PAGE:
I wandered around the internet looking for ideas and stumbled upon plinths. I learned that plinths constitute one of the major elements that make up architectural theory. They are viewed as creating a solid visual connection between the structure and the ground. Hey, I thought, that's what I need, a solid visual connection between my bench and the floor! Given the angular nature of my Nicholson bench, I thought angular plinths would look right, so here is what I came up with:
Hmmm. To me, it looks vaguely like my bench might stomp off in a huff. Well-- on the positive side, these are highly sophisticated "microadjustable plinths," meaning the wide molding on the top lets me fine tune the bench height with shims and compensate for the uneven floor in my garage. The plinths aren't attached to the bench so the moldings keep the legs from sliding off them. These plinths are also cross-cultural: they will work on a Roubo that is too short equally well!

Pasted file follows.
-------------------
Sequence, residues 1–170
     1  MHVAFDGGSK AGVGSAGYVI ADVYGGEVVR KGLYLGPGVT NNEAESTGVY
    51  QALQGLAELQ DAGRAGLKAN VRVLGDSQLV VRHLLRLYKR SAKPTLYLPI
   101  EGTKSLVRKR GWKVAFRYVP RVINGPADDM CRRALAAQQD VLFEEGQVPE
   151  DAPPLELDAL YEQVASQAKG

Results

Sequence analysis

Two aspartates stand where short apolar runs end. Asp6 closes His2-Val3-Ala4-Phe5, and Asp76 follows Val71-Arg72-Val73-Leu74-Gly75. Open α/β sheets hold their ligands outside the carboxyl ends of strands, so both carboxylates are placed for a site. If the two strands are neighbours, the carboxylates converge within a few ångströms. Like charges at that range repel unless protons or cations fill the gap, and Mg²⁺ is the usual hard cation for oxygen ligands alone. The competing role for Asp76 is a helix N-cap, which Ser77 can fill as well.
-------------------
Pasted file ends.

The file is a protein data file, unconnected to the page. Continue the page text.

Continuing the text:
So, does it look like this is what I intended from the beginning and that I have introduced a major new element to workbench design and function? Well, during Peter Nicholson's lifetime Samuel Taylor Coleridge wrote about "suspension of disbelief." It would really help me if some of you would cut off the legs of your benches, put them up on plinths and send me pictures because you are so taken with this idea. I'm waiting in a state of suspended disbelief. :-(